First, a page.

Thug Life: Race, Gender, and the Meaning of Hip-Hop

Paperback | January 30, 2011

byMichael P. Jeffries

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Hip-hop has come a long way from its origins in the Bronx in the 1970s, when rapping and DJing were just part of a lively, decidedly local scene that also venerated b-boying and graffiti. Now hip-hop is a global phenomenon and, in the United States, a massively successful corporate enterprise predominantly controlled and consumed by whites while the most prominent performers are black. How does this shift in racial dynamics affect our understanding of contemporary hip-hop, especially when the music perpetuates stereotypes of black men? Do black listeners interpret hip-hop differently from white fans?

These questions have dogged hip-hop for decades, but unlike most pundits, Michael P. Jeffries finds answers by interviewing everyday people. Instead of turning to performers or media critics, Thug Life focuses on the music’s fans—young men, both black and white—and the resulting account avoids romanticism, offering an unbiased examination of how hip-hop works in people’s daily lives. As Jeffries weaves the fans’ voices together with his own sophisticated analysis, we are able to understand hip-hop as a tool listeners use to make sense of themselves and society as well as a rich, self-contained world containing politics and pleasure, virtue and vice.

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Hip-hop has come a long way from its origins in the Bronx in the 1970s, when rapping and DJing were just part of a lively, decidedly local scene that also venerated b-boying and graffiti. Now hip-hop is a global phenomenon and, in the United States, a massively successful corporate enterprise predominantly controlled and consumed by wh...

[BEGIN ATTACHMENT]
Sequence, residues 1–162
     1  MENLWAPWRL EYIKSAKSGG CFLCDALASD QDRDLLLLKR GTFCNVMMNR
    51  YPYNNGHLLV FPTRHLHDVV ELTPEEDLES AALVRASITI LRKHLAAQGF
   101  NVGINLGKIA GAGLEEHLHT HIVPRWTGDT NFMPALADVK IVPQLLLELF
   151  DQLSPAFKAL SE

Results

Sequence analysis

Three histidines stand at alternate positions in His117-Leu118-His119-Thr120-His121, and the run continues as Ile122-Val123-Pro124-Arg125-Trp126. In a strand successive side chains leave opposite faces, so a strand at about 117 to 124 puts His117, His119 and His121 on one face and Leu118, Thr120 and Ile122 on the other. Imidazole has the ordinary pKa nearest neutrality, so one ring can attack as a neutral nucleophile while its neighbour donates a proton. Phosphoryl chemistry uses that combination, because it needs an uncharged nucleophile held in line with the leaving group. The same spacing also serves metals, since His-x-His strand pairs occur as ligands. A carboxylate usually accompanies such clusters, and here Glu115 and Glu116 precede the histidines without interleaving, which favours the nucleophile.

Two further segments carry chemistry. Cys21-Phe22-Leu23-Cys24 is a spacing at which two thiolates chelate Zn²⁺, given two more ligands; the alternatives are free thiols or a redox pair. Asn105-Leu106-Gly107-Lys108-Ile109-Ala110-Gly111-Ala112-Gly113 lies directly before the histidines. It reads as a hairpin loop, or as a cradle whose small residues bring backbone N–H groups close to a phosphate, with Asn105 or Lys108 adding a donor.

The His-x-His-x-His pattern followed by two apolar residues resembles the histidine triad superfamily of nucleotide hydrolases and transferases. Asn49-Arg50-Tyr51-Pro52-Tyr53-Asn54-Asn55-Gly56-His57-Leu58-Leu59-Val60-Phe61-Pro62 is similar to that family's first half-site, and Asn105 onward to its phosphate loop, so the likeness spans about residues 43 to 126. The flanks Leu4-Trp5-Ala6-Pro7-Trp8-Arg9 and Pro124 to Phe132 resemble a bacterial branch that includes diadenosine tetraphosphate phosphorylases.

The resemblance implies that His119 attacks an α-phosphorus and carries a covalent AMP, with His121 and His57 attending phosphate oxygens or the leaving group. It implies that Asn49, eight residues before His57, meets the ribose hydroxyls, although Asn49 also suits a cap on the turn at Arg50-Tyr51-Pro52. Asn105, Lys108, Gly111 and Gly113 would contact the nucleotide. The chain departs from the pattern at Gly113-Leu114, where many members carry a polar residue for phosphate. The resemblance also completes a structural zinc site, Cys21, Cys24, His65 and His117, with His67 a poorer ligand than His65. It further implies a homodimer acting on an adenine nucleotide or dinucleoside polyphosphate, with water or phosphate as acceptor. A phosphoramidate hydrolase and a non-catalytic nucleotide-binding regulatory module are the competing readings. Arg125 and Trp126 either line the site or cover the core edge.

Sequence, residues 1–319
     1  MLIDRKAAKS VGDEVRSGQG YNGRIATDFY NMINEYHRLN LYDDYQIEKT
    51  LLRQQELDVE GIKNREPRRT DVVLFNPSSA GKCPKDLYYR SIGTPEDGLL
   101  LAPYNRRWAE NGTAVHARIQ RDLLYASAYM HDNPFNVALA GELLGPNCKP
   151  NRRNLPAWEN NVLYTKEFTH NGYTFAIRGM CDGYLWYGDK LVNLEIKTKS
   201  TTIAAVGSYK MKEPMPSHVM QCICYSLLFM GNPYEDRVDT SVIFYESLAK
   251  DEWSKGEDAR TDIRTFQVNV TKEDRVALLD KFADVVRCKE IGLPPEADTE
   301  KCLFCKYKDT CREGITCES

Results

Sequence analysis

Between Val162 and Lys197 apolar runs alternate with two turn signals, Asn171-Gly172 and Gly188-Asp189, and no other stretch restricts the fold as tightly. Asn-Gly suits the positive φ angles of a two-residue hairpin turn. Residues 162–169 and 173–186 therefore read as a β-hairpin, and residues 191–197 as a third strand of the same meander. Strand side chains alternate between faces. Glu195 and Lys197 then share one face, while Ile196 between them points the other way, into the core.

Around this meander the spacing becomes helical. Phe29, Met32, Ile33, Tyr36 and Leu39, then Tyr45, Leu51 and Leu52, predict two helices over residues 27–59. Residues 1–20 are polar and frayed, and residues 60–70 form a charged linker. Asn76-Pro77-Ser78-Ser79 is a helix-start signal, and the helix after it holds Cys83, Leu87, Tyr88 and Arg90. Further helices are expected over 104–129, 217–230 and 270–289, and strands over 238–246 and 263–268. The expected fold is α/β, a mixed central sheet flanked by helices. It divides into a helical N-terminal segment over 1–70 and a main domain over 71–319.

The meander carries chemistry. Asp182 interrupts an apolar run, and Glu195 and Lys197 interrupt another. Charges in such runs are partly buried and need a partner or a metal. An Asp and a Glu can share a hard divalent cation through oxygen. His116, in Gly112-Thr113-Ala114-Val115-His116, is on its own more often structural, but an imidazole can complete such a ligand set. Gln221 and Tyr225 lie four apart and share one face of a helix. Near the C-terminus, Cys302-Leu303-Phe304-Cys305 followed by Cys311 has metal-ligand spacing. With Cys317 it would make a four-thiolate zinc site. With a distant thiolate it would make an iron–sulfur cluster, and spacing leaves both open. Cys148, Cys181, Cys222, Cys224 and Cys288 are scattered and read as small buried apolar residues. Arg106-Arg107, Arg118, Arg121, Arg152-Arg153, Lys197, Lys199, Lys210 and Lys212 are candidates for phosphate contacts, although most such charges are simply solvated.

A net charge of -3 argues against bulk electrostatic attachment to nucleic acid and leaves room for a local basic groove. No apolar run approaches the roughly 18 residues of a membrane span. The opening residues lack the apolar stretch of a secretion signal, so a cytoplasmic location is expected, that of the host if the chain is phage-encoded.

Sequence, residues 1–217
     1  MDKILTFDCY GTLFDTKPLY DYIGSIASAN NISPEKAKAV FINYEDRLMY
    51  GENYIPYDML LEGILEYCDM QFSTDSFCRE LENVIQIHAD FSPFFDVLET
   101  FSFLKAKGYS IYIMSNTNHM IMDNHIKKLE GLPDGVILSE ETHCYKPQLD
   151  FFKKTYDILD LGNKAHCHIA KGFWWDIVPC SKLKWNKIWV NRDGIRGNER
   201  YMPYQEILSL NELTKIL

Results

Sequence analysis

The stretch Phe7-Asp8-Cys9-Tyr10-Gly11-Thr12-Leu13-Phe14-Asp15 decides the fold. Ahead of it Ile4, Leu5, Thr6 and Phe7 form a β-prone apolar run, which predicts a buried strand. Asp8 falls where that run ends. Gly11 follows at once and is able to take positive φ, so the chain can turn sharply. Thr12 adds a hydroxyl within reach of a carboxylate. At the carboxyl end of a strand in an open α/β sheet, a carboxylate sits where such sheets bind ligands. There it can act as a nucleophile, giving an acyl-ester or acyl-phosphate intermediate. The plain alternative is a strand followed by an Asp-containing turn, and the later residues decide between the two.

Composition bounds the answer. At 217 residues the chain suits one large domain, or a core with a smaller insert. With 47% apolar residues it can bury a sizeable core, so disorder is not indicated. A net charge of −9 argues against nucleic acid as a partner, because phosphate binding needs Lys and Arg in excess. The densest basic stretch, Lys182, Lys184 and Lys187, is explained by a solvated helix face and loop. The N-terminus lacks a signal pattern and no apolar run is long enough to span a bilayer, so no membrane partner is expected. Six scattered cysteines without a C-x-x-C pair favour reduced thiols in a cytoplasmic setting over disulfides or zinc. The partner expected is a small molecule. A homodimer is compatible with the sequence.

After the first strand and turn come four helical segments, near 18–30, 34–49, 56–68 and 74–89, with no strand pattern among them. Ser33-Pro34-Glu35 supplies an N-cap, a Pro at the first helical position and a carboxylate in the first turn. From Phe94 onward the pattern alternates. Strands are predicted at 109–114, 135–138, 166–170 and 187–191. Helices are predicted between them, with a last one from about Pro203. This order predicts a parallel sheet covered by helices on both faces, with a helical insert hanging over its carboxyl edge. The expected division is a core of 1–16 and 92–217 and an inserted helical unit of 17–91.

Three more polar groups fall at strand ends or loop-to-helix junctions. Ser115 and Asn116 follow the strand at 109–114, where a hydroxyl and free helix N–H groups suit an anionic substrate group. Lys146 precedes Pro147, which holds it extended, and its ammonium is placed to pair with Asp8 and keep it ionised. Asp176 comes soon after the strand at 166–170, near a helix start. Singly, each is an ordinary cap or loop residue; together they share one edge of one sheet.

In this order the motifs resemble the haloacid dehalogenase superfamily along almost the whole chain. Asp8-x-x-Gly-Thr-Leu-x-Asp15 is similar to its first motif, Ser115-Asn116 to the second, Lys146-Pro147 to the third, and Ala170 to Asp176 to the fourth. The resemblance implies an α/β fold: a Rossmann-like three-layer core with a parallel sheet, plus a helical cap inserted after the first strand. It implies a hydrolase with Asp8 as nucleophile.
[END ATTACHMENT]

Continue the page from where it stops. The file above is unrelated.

Michael P. Jeffries is assistant professor of American studies at Wellesley College.

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Format:PaperbackDimensions:280 pages, 9 × 6 × 0.8 inPublished:January 30, 2011Publisher:University Of Chicago PressLanguage:English

The following ISBNs are associated with this title:

ISBN - 10:0226395855

ISBN - 13:9780226395852

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Extra Content

Table of Contents

Acknowledgments

Introduction / State of the Hip-Hop Union
One / The Meaning of Hip-Hop
Two / From a Cool Complex to Complex Cool
Three / Thug Life and Social Death
The Bridge: Summary of Chapters Two and Three
Four / Hip-Hop Authenticity in Black and White
Five / Parental Advisory: Explicit Lyrics
Conclusion / The Last Verse
Epilogue / Obama as Hip-Hop Icon

Appendix
Notes
References
Discography

Editorial Reviews

“Jeffries’ contributions in Thug Life are multiple; he adds depth to our understanding of how hip-hop is understood and valued among its racially diverse audiences, and he provides a truly inspired analysis of masculinity and thug identities by embracing the too often ignored components of compassion, vulnerability, and love. This is a necessary and important intervention in hip-hop studies.”--Murray Forman, Northeastern University